As I mentioned in the 5 Ways Scheduling Blog Posts Will Change Your Life post, it wasn’t until a few years ago, after blogging since 2006, that I really discovered scheduling posts. Since then I’ve found it wonderfully helpful to have all my future posts written down somewhere, so I can see clearly the month ahead and what’s going to be posted when. Today I thought I’d share with you some options to keeping your blog posts organised. Of course, these ways aren’t for everyone, but I’ve tried to give a range of options, so hopefully you’ll find something that suits what you’re after.
What I mean here is something like Google Drive. A place online where you can access your thoughts wherever you are. This is great if you’re one to, say, lose pens and never have paper anywhere near you. Having all your thoughts, plans, schedules in one online place is a fabuous idea. The con to this, however, is that if your internet cuts out, you’re stuck. Which leads me to…
If you have an Outlook acount (previous Hotmail), then you will all ready have access to OneNote, whether you know it or not. This is a fantastic note-making, note-keeping-track-off programme that allows you to make folders within folders, and pages within pages, and write notes, paste in text, photos, diagrams etc. This is a great way to organise your blog post ideas. For example, you could have folders for Reviews, Recipes, and DIY, and then in those you can break it down even more (e.g.: book reviews, movie reviews), and then on the pages you can write your notes or ideas, make boxes of things you need to do (e.g.: take photo of book, decide on star rating etc), and tick them off when you’ve done them. You can read more about using OneNote as an option for organising and sorting your blog ideas here: Using OneNote for Blog Ideas.
Month view calendar
If you’re not into the electronic way of planning, then another option is having a month-view desk calendar. This is what I use, and I while I’ve tried changing to proper programme on my tablet and phone, this is what I prefer. I think it’s because I love writing things down, and also I find I remember things more if I’ve physically written it, rather than typed it. I also love the feeling of crossing things off. As you can see, I jot down in pencil (unless it’s a permanent slot, like Sunday Song) on the day that I think I want to schedule something, and then once I’ve written it and scheduled it, then I’ll cross it off. Having a monthly view like this means I can see the entire month, and any gaps in the weeks that need filling. I do write all my ideas and drafts on OneNote, but because I like to write it too, this is great because it’s just a few words per box:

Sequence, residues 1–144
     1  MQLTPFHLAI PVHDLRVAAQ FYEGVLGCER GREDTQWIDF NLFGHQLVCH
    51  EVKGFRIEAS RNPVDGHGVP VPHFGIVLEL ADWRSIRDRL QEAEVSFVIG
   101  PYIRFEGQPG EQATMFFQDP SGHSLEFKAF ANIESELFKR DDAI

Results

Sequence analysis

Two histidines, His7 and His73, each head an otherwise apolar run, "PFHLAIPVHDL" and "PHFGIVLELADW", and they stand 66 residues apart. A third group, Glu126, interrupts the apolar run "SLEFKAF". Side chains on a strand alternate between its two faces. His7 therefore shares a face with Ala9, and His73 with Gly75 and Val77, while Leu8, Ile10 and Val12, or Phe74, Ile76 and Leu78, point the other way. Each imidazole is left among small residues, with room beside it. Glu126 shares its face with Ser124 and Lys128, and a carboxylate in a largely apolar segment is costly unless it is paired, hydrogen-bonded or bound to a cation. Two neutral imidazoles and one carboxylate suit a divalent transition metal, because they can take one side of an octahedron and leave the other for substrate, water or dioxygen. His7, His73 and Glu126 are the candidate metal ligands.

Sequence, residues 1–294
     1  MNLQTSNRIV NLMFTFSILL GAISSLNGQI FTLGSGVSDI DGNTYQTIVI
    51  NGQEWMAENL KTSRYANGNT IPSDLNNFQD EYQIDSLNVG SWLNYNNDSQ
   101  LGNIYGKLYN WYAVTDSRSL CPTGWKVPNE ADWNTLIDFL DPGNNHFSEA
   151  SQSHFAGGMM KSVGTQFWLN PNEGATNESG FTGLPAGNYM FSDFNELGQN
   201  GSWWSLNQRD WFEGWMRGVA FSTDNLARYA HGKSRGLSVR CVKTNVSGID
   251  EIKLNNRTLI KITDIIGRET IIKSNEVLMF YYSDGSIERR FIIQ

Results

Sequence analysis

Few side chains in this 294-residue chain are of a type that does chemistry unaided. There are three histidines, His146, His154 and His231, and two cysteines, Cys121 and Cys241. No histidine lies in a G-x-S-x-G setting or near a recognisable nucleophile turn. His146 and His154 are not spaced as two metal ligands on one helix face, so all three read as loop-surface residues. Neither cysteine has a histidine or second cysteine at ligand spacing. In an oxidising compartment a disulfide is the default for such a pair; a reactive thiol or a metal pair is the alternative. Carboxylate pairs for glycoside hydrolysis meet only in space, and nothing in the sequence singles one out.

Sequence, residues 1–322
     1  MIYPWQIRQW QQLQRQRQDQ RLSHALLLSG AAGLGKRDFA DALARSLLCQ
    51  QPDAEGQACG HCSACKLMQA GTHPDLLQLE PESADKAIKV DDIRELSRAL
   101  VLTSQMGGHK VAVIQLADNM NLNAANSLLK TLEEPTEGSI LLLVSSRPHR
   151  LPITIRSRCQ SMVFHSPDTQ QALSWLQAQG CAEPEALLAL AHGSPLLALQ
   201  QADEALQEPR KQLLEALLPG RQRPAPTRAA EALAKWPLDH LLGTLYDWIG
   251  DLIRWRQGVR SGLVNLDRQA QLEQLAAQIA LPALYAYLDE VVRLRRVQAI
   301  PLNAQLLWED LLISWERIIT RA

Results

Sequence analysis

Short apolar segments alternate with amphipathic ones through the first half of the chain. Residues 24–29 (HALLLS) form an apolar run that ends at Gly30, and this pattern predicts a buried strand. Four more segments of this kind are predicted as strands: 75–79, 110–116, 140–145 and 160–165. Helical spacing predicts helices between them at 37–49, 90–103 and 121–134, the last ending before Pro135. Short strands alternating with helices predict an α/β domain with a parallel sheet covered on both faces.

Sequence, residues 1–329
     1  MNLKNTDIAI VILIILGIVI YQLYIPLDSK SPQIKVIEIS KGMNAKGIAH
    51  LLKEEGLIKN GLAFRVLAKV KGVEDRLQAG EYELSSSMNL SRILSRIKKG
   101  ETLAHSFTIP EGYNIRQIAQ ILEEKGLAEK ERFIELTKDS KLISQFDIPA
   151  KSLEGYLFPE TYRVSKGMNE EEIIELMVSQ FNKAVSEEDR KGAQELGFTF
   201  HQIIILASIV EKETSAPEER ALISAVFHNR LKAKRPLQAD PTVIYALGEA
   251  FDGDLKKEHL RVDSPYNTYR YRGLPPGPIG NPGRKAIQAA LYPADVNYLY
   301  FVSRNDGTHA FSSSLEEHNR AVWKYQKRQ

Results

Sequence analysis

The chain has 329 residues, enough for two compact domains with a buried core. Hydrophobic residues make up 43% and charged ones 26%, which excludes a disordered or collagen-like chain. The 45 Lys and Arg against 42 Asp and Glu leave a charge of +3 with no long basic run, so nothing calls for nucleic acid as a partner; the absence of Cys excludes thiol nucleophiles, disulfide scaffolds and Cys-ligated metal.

Having a notebook is another great way of keeping track of your blog posts. You can also use a yearly diary, (or the one you use for your day-to-day life if you want to keep everything together), and write what posts you want on what day, and cross off, tick or mark in some way when you’ve finished and scheduled it. Having a notebook in your bag all the time is also great practise, that way if you think of something while you’re out and about, you can jot it down and come back to it later.
There are so many blog planners out there that you can download for free, or at low costs. Usually they are just one page, with the days of the week, and options to tick off social media shared posts. There’s often a box for notes too, and this can be really handy. If you print off sheets monthly, then you can also have a paper archive that you can keep in a folder and look back on later. Here are some great planners that are free to download:
The Ultimate Blog Planning Notebook – by Leslie, at Lamberts Lately
Blog Planner and Editorial Calender – by Shannon, at AKA Design + Life
Free Printable Blog Planner – by Jenni, at A Well Crafted Party
Free Blog Planner – by Ruth, at Living Well Spending Less
Blog Planner – at Secret Blogger’s Business
I hope these were helpful ideas for organising your blog posts, especially if you’re new to the blogging world and are still finding your feet. Of course there are more options, and everyone is different, and likes different methods, but there’s something to start with.
What about you? Do you use some sort of organising programme?
A notebook? Have any other suggestions?